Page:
‘Demonetisation: A Step Towards Cashless Economy’ (Manakin Press, 2017) was an early humble attempt to capture the mood of nation, which demonstrated citizens’ willingness to undergo ‘short term pains for long run gains’ through the Black Swan event that had no parallel in history. This was in spite of the fact that many professional economists, including international monetary institutions, had strongly laid down this prescription for many a country in recent past but none had dared to bite the bullet. India did, much to the amazement of the national and international audience.
Millions and millions were glued to their TV sets at 8 PM on 08.11.2016 when a brief calm statement was made on TV by Prime Minister Modi. The announcement caught practically everyone by surprise, clothed as it was in leak-proof secrecy.
Claims, mostly absurd, began to be made even before the full implications of this decision set in, but for the government it was a clear victory for sound economics over politics, the vested interests were out to give it a nasty look. Even the ex – Prime Minister, who has been a professional economist himself made a political statement to the effect that demonetisation was an ‘organised plunder’. It is only right that young economists be handed over the reins of economic policy making now, ones that aren’t tainted by ‘crony capitalism ‘ or ‘crony socialism’. The role of political commitment cannot be underestimated.
Our Work on ‘Demonetisation: A Step towards Cashless Economy’
When we sat down to work on ‘Demonetisation’ we could not free ourselves of many a doubts that we were victims. Our first question was: where was the need for the uncalled hurry when one could have thoroughly worked on the finer intellectual points in a relaxed manner? Secondly, if the only objective was to unearth black wealth wouldn’t it have been better attained by strengthening tax administration? We were wrong on both of these counts.
Our doubts were cleared up as we found out more information. It turned out that the framework of the scheme was ready in early stages when this government assumed charge. Since then, scores and scores of discussions and think tank activities were pursued to bring the scheme in sync with ground realities. The scheme was on the drawing board when the stupendous task Trinity of Jan Dhan, Aadhar, and Mobile was fully implemented. It may be mentioned that any programme having such multipronged objectives could not have moved an inch further in absence of this Trinity. Similarly, different other roadblocks were identified and taken care of. If any unanticipated event occurred, the built-in flexibility of the programme took care of it. We also found that ‘tracking black wealth’ was only one objective in a galaxy of many other expected outcomes. The most important and most daring objective was unearthing ‘Underground Economy’.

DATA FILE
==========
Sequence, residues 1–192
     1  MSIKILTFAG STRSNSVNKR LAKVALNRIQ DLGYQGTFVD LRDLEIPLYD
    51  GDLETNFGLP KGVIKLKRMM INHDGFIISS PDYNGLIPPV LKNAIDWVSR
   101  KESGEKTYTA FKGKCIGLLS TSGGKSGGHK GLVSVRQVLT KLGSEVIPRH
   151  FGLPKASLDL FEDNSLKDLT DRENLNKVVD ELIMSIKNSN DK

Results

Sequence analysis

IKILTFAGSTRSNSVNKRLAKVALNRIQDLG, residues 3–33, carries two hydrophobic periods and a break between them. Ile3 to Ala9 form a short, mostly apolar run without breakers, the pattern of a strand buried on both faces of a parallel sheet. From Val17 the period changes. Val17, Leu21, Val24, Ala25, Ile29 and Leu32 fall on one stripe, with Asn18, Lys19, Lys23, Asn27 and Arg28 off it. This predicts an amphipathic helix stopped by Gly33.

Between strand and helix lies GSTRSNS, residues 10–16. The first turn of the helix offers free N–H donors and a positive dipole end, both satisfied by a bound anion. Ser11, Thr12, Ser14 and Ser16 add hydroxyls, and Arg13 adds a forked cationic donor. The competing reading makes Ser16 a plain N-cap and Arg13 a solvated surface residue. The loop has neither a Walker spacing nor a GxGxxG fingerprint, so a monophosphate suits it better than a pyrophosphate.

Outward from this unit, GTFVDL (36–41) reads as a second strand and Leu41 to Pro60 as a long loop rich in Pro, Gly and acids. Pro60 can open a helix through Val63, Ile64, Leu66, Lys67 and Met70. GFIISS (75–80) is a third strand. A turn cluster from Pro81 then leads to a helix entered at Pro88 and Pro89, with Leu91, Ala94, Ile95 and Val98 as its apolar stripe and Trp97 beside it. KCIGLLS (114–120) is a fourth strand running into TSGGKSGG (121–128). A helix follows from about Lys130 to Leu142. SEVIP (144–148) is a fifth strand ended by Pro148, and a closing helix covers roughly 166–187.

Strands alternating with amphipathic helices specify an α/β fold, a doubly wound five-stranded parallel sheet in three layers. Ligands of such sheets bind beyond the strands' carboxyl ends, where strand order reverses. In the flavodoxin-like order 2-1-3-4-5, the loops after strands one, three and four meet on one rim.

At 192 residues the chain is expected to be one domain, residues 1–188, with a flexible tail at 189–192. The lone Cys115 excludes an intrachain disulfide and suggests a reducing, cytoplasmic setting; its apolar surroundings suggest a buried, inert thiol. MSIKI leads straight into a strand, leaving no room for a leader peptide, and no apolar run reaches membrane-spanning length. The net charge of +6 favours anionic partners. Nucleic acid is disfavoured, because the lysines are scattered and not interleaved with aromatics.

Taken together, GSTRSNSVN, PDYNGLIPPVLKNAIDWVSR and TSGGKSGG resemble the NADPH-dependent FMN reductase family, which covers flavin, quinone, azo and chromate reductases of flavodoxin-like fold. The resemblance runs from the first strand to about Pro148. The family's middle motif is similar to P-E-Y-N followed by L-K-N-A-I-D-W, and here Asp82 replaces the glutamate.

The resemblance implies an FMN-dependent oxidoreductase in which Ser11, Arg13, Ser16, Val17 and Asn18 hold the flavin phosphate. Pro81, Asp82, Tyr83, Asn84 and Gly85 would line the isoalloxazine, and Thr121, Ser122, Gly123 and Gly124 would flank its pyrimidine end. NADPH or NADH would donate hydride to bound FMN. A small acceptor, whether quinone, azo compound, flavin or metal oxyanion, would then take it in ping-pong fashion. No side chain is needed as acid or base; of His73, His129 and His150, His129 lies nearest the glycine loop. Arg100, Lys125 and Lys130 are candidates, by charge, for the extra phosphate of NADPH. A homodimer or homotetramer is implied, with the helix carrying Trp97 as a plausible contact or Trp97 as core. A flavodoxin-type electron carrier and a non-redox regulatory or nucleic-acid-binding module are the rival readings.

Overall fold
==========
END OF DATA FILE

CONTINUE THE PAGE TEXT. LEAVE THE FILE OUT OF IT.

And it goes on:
What is Underground Economy?
Underground Economy functions like a regular economy. Transactions of all hues and colours are undertaken in this economy. The only difference is that these transactions are not reported to the government. These transactions are funded by black wealth and generate black income adding to the flow of black money in the economy. Still, it must be pointed out that all transactions in the underground economy are not illegal. Transactions may be legal, they may even intermingle with transactions in the regular economy but if these are not reported to the tax authorities these come to be a part of the underground economy. One may go to a restaurant, have a luxurious meal and settle the bill in cash. The guest having not revealed his identity has cleared up a part of his wealth, the host enters the transactions in his book of accounts. The amount gets transacted in regular economy and is legal.
The underground economy consists of all those transactions that are not reported to the tax authorities. Millions of hawkers, street vendors, petty shopkeepers, rickshaws drivers, and more form part of this economy. Even highly qualified doctors, chartered accountants, tuition academies, and commission agents all form part of this economy. There is nothing legal or illegal about this. However, a substantially large part of the underground economy thrives on illegal activities like smuggling, trafficking in human beings, corruption, drug peddling, counterfeit currency, etc. These activities generate black income, add to the black wealth, further lubricate it and allow it to flourish.
Looking Behind, Around, And Forward
To strike at the root of this economy has been the cherished aim of the different measures being taken, including Demonetisation but it is a small baby step in this war that the nation has inflicted on the underground economy.
‘Digitisation of the Economy’ forms part of the same armour. We address ourselves to different issues involved in this process. To begin with, we acquaint the readers with answers to questions like: what, why and how of Digitisation. We go on to provide a critical assessment of the ‘Digital India’ programme of the government. It is informative and instructive in its delivery, which is why we believe it can go a long way in de-fogging the glasses with which we view this government and its policies.